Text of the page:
How to Fix the Economy
How to Fix the Economy
While our nation's economic recovery is progressing favorably, most families still haven't seen a rise in income.The gap between the rich and poor is the widest it has ever been, and the nation's poorest citizens are struggling to access the benefits intended to save them from starvation and homelessness.As consumers, voters, business owners, and politicians, we can stimulate economic growth by supporting workers, our local economies, and our nation's children.
Making an Individual Impact
Support small local businesses.As much as you can, buy locally produced, locally sourced products and services from small businesses in your community. Buy clothing made in the United States and sold by smaller stores in your town. Instead of ordering books online, buy from a local bookstore. Dine out at a local mom-and-pop, instead of at a fast food chain.
- Small businesses are standalone companies with fewer than 99 employees that are headquartered in the same state they operate within.
- Small businesses tend to hire within the community, and they spend their supply budget locally, more so than large chains.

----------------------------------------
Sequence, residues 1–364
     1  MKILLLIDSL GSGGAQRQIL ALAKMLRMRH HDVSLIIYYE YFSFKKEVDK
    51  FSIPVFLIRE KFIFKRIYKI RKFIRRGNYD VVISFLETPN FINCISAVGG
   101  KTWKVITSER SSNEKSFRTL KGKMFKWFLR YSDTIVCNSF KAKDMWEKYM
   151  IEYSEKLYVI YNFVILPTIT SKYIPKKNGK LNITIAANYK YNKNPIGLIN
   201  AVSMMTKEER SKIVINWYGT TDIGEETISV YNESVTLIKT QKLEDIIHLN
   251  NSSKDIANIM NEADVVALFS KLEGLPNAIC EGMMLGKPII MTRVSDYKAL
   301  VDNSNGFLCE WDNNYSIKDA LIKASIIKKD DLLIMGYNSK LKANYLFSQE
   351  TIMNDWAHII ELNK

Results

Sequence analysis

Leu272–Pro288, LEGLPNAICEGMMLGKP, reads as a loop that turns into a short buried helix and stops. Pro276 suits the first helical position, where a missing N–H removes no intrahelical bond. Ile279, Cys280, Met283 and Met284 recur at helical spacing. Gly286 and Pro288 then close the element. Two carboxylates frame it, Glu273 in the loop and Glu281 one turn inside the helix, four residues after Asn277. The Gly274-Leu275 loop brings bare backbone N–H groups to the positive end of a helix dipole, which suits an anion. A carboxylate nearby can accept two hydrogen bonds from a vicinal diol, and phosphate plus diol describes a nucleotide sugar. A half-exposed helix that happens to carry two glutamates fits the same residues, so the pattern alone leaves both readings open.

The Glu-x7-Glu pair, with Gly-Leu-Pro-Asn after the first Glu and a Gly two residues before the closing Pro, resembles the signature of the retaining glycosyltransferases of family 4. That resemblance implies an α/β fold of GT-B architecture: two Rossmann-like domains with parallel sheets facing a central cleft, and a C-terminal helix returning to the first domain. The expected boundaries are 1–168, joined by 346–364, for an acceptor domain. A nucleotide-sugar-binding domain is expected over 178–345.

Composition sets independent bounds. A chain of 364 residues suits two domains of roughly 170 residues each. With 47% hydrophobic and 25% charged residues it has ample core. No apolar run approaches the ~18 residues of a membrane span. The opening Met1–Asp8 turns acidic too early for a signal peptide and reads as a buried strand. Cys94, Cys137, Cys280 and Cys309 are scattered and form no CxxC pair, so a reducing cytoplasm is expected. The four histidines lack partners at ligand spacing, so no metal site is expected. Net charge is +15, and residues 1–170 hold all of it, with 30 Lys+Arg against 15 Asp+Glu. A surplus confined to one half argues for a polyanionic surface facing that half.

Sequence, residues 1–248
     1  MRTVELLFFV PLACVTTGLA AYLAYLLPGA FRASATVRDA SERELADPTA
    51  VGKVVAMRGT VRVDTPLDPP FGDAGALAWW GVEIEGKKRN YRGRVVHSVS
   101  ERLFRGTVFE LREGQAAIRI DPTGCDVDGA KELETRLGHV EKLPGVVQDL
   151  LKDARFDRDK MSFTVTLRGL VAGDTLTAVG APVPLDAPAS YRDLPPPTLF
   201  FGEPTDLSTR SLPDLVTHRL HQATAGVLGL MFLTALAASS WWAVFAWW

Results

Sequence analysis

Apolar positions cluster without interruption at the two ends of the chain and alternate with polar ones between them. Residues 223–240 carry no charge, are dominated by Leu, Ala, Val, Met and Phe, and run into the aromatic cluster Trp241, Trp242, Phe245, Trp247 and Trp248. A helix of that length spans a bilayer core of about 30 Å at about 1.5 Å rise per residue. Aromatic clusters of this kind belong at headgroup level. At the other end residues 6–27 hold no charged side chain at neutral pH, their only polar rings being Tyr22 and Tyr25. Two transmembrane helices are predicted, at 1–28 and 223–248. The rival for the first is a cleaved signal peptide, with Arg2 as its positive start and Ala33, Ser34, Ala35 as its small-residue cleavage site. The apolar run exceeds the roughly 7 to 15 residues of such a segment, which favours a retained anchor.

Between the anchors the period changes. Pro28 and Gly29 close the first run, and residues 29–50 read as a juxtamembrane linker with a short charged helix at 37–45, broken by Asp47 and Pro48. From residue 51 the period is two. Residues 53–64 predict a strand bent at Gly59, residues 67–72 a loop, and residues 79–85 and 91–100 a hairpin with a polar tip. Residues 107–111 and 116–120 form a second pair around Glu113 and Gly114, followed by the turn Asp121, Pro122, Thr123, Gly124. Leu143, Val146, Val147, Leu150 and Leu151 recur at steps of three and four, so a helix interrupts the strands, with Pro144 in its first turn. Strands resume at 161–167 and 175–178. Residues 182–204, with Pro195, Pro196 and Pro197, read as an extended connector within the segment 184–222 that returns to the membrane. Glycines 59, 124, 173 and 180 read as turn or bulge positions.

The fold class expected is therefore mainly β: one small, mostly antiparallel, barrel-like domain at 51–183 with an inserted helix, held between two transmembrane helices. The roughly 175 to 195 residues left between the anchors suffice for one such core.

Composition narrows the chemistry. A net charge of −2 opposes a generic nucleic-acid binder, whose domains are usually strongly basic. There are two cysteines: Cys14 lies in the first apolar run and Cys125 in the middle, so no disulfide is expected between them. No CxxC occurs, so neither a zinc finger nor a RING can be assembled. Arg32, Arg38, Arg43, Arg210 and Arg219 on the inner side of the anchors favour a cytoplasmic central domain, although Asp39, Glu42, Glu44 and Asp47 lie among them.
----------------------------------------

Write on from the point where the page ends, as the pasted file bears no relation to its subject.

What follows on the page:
- Money spent within a community tends to circulate more than money spent at large companies, meaning that it benefits more people and stimulates greater growth.
- Avoid large businesses. National and international chains employ a lot of people, but they actually depress economic growth. Money spent at large chains tends to circulate longer within the company rather than returning to the economy.
Locate your biggest expenses where they can make a difference.Where does the majority of your money go? For most U.S. citizens, the answer is either "rent" or "mortgage payments." Rent from a landlord who lives in your town and manages his or her own properties. If you're about to buy a house, get your mortgage from a local bank, one that doesn't sell its loans to secondary markets.
- Groceries are another major expense. Do your grocery shopping at the local corner store, coop, or farmer's market instead of a major chain or an online grocery service.
- The rise in online shopping means you may have less control than ever over where your money goes. Before you buy online, ask yourself if you can find the same goods at a nearby store. If you can't, try to find online vendors who sell directly from their own website and are located within your state.
Vote for economic growth.In national and state elections, get to know the stance of each candidate on issues such as minimum wage, small business support, education, and social welfare. While different political parties have various approaches to fixing the economy, support for a raise in the minimum wage, for instance, is bipartisan.
- Register to vote.
- When you find a candidate you support, do more than vote. Volunteer for your candidate's campaign, or volunteer to work the polls.
Stimulating Economic Growth as a Politician